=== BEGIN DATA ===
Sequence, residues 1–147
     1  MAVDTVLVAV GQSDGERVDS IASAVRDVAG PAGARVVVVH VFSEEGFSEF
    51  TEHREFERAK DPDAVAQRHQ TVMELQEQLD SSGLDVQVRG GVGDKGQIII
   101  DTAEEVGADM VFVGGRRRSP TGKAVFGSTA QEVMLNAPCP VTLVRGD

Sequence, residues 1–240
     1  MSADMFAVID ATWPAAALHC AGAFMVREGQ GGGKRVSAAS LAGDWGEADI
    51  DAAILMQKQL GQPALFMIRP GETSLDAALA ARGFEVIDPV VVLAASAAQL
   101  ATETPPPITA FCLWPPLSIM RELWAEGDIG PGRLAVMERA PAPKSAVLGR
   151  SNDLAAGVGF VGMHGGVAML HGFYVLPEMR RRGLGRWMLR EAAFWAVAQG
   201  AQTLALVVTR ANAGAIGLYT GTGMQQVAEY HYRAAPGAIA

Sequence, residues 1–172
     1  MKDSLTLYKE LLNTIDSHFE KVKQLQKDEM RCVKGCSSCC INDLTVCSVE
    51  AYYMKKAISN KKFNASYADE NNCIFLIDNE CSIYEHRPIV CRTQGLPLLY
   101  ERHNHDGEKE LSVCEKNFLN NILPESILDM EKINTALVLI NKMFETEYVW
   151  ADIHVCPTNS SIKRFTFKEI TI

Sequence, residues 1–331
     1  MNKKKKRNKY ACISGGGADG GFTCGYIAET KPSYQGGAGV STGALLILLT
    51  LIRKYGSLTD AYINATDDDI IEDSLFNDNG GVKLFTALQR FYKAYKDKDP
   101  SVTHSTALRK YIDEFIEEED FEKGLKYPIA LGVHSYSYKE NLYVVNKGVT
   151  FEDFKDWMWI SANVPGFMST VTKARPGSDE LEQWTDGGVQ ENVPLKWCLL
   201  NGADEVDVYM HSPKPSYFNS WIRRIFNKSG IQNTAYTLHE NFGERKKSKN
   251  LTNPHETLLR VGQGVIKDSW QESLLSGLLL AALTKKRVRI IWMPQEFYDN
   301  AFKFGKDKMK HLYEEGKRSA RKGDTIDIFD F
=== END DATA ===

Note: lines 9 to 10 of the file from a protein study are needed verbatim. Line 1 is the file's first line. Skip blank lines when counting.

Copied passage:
   151  SNDLAAGVGF VGMHGGVAML HGFYVLPEMR RRGLGRWMLR EAAFWAVAQG
   201  AQTLALVVTR ANAGAIGLYT GTGMQQVAEY HYRAAPGAIA